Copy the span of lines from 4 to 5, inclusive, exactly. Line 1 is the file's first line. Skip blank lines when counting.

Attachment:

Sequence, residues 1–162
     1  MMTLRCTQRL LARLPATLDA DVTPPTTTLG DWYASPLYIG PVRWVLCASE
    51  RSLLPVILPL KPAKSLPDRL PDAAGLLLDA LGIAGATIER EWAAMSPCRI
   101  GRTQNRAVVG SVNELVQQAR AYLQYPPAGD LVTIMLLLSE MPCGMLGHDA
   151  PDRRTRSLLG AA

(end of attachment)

   101  GRTQNRAVVG SVNELVQQAR AYLQYPPAGD LVTIMLLLSE MPCGMLGHDA
   151  PDRRTRSLLG AA